Dependence, in strict pharmacological terms, is a state that develops during chronic drug treatment in which drug cessation elicits an abstinence reaction (withdrawal).
Dependence can be associated associated with a whole range of psychoactive drugs or chemicals (eg caffeine, alcohol, opioid, cannabis or stimulant dependence). As awareness of problematic drug use grew, the definition of dependence changed to include addiction and abuse. Various definitions of dependence evolved with DSM-4, ICD-10, WHO and leading authors describeing it as a cluster of behavioural, cognitive and physiological phenomena that may develop after repeated substance use. Now people link dependence with ‘addiction’ when in fact dependence can be a normal body response to a substance. Whilst drug dependence can be part of addiction, is not the same thing.
To reduce confusion, the new DSM-5 (2013) criteria has replaced drug dependence with DSM-5 SUD measured on a continuum from mild to severe. Refer to Appendix A.3 Misuse, non-medical use and abuse.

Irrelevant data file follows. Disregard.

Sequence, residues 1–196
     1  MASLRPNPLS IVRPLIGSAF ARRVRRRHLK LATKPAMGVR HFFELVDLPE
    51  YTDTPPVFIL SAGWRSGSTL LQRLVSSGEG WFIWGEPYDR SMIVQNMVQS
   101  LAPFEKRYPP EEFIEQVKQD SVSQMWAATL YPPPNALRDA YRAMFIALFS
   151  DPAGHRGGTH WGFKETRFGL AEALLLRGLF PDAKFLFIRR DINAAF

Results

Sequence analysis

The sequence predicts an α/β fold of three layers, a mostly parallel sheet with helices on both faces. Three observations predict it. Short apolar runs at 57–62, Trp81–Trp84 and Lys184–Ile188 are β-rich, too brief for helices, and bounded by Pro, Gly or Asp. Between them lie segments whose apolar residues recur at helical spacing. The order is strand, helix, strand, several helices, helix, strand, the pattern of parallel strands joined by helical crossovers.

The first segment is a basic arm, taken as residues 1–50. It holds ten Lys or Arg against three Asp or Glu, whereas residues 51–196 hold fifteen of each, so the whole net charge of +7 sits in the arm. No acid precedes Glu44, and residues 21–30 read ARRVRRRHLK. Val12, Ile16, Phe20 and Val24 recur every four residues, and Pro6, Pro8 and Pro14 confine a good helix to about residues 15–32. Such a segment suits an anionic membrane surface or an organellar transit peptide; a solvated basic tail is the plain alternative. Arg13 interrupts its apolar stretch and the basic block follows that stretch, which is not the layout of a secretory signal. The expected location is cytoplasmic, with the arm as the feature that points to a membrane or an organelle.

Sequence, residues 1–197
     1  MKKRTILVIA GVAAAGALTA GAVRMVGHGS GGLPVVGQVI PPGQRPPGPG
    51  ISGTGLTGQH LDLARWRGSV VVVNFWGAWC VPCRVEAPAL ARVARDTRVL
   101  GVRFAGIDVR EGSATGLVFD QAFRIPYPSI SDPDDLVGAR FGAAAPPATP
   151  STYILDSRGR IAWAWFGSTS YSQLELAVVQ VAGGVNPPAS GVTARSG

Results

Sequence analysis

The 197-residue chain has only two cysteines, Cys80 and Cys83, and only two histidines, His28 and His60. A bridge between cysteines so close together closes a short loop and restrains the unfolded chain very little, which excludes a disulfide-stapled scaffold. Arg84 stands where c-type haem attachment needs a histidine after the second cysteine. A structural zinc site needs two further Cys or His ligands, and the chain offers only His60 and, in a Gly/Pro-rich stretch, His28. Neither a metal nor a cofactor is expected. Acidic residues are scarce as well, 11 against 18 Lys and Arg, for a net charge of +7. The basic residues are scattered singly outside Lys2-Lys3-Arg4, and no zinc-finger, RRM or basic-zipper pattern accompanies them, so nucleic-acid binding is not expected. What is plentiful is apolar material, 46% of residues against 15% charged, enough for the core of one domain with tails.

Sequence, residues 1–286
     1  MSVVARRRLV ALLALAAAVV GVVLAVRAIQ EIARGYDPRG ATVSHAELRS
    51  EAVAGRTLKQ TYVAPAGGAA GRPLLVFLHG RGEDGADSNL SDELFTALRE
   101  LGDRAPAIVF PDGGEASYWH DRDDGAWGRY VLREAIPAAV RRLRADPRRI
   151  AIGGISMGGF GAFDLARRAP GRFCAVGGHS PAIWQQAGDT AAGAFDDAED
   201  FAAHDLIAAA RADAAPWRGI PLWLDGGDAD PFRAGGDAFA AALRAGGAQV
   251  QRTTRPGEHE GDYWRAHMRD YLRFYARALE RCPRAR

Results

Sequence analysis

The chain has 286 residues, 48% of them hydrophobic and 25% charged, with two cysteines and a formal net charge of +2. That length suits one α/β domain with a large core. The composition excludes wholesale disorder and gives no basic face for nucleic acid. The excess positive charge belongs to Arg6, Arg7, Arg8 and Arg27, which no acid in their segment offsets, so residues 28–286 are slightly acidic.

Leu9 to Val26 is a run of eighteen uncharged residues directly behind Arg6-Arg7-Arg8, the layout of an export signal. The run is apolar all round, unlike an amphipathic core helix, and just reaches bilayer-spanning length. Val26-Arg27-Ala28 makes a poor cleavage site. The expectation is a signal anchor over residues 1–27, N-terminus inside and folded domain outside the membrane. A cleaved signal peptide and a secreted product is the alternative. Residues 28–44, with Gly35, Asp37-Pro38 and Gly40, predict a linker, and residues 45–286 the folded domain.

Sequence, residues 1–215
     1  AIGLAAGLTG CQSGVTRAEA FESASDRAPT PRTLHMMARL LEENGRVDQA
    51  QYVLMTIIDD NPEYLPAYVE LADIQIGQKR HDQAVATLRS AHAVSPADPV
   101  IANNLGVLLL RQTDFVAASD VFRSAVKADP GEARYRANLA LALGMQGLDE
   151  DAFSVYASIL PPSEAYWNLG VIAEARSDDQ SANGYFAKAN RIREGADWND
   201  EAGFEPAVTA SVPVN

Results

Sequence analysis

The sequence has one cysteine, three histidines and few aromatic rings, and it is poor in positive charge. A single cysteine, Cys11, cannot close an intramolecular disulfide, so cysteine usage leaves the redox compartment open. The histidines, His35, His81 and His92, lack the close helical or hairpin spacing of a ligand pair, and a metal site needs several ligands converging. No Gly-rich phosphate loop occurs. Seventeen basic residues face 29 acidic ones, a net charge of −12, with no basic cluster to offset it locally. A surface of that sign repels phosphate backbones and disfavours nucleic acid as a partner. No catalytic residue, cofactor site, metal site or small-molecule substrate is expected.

Note: There are legal implications involving the term dependence (eg restrictions around prescribing to drug dependent persons). Characteristics of person who is drug dependent include having a history of substance misuse and being identified as a ‘doctor shopper’ or ‘prescription shopper’.23 (Refer to Appendix A.4 Drug-seeking behaviour).
Note: In DSM-5, substance dependence and substance abuse have been combined into a single category of substance use disorders (SUDs) (specific to each substance). Each SUD is divided into mild, moderate and severe subtypes, with the number of criteria present determining the severity.